JERUSALEM – Israel will wait until after the U.S. presidential election in November to withdraw troops from the Gaza Strip, a security official said Friday, while soldiers sealed the West Bank (search) and Gaza Strip (search) amid new warnings of attacks by Palestinian militants.
The moves came as an Israeli newspaper released a poll that put Prime Minister Ariel Sharon's (search) approval rating at its lowest since he took office in 2001. For the first time, a majority of Israelis said he should resign, the poll said.
The poll in the Yediot Ahronot daily said 57 percent of Israelis believed Sharon was not trustworthy. That appeared to be a reflection of public displeasure about Sharon's alleged links to a growing number of scandals.
Israeli Defense Minister Shaul Mofaz (search) decided not to withdraw troops from the Gaza Strip before U.S. presidential elections in November and will brief U.S. officials on his position during a trip to Washington next week, a security official said on condition of anonymity.
Israel has said it would withdraw from much of Gaza and parts of the West Bank if peace talks remain frozen in coming months. The United States has not rejected the plan outright, but has expressed reservations about unilateral actions. The U.S.-backed "road map" peace plan calls for a negotiated agreement.
Earlier this week, Dov Weisglass, a senior Sharon aide, discussed the proposed withdrawal with top U.S. officials. The Maariv daily said Friday that U.S. officials pressed Weisglass for the delay, fearing the pullout could spark chaos at a time when the Bush administration wants to avoid further upheaval in the Middle East.
However, Sharon adviser Assaf Shariv said Friday that no dates for a possible withdrawal were raised during the meetings with U.S. officials.
The closure on the West Bank and Gaza was imposed for the duration of the Jewish holiday of Purim, which ends Monday. Such closures, routine during holidays, idle thousands of Palestinian laborers who have jobs in Israel.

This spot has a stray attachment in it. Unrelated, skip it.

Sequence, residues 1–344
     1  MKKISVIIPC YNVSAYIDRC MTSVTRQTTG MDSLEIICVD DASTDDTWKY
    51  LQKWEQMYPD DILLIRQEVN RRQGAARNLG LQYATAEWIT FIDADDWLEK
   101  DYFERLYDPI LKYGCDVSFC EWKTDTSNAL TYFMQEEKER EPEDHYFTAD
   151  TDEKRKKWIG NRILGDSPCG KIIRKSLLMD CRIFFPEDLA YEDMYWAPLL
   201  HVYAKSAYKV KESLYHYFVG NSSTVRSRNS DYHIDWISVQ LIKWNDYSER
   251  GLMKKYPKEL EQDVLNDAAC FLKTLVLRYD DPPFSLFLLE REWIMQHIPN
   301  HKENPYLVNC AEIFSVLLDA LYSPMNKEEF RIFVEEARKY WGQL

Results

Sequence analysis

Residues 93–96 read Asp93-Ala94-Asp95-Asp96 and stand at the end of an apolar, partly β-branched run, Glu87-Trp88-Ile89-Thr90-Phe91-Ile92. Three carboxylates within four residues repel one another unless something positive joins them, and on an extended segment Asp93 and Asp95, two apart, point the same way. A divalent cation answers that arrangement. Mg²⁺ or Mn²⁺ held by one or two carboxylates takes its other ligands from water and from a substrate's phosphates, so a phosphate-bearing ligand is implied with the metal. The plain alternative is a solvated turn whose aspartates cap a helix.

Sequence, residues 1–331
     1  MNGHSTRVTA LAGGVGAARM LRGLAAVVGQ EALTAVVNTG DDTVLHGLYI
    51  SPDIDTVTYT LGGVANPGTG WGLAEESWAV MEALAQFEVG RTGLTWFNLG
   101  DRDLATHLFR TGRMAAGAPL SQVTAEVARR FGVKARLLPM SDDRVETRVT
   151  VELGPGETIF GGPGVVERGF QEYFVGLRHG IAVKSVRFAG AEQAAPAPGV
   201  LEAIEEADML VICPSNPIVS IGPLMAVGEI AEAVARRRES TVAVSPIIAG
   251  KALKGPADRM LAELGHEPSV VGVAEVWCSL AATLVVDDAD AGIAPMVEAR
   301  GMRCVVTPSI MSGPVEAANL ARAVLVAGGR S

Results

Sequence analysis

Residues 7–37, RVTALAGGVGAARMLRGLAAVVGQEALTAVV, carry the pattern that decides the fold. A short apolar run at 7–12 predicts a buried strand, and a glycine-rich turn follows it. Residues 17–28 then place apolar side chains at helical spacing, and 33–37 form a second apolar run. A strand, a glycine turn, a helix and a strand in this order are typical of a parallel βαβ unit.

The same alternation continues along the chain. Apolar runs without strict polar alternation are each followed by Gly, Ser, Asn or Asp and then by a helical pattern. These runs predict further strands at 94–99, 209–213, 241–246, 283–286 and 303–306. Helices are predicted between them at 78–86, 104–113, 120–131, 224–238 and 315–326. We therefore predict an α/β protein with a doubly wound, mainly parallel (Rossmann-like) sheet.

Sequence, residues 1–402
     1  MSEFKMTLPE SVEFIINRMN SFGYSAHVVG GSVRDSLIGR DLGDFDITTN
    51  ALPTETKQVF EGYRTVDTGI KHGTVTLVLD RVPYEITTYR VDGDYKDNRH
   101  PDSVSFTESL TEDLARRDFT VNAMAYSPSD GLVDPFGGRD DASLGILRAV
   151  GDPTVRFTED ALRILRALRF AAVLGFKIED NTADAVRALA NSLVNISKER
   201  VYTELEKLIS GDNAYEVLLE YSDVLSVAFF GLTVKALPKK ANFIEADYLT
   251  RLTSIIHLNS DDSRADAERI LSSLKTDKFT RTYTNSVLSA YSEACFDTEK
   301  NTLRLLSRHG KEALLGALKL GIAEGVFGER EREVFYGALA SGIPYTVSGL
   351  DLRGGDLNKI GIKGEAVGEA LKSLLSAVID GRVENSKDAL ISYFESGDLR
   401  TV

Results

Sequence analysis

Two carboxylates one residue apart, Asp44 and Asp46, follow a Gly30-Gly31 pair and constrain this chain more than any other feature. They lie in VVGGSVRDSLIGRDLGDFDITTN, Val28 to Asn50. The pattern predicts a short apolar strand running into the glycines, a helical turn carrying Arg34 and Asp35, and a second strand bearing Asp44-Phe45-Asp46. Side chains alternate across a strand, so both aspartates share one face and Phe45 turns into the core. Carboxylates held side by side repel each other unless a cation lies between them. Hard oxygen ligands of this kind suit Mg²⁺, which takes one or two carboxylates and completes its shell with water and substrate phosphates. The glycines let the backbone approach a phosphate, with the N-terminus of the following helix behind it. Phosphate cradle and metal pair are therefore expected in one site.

Also Friday, a 10-year-old Palestinian boy died of wounds sustained in an Israeli air strike in Gaza City last week, officials at Gaza's Shifa Hospital said, identifying him as Moutaz Ashiraf from the Jebaliya refugee camp. His death brought to four the number of Palestinians killed in the attack. The other three were members of the violent Islamic Jihad group.
In central Israel, police put up roadblocks Friday. On one highway, officers searched each car amid heightened warnings of plans by militants to carry out attacks.
Hamas and Islamic Jihad have threatened revenge for recent Israeli air strikes. On Friday, a homemade rocket fired from Gaza hit a parking lot outside a supermarket in the Israeli border town of Sderot. The rocket damaged several nearby stores, but caused no injuries.
In the Dahaf poll in Yediot, 57 percent of 501 respondents said Sharon was not a trustworthy prime minister, up from 51 percent in a February poll. At the beginning of his first term in 2001, just over 20 percent said he was not to be trusted.
The survey had a margin of error of 4.5 percentage points.
For the first time, a majority of respondents — 53 percent — also said Sharon should resign as prime minister, while 43 percent said he should stay on. In a February poll, 46 percent said Sharon should resign, and 51 percent said he should remain prime minister.
Earlier this week, the Maariv newspaper suggested that favoritism played a role in Sharon's handling of a prisoner swap between Israel and Lebanese Hezbollah (search) guerrillas. Maariv said a former business partner of Sharon was the ex-father-in-law of Hezbollah captive Elhanan Tannenbaum, a confessed drug dealer and indebted gambler released in the contentious deal. Sharon said he hadn't spoken to the business partner for decades, and that he didn't know of the man's ties to Tannenbaum.
Also Friday, police arrested a second suspect in nine bombing attacks on Arabs in the Israeli port city of Haifa in the past three years. One bomb had exploded under the car of an Israeli Arab lawmaker and another damaged a mosque. Three people were slightly wounded in the attacks, including a small boy who found one of the bombs, police said.
The initial suspect, identified Thursday, was Eliran Golan, 22, a self-proclaimed Jewish extremist. Overnight, police arrested a second man, a resident from the port city of Ashdod.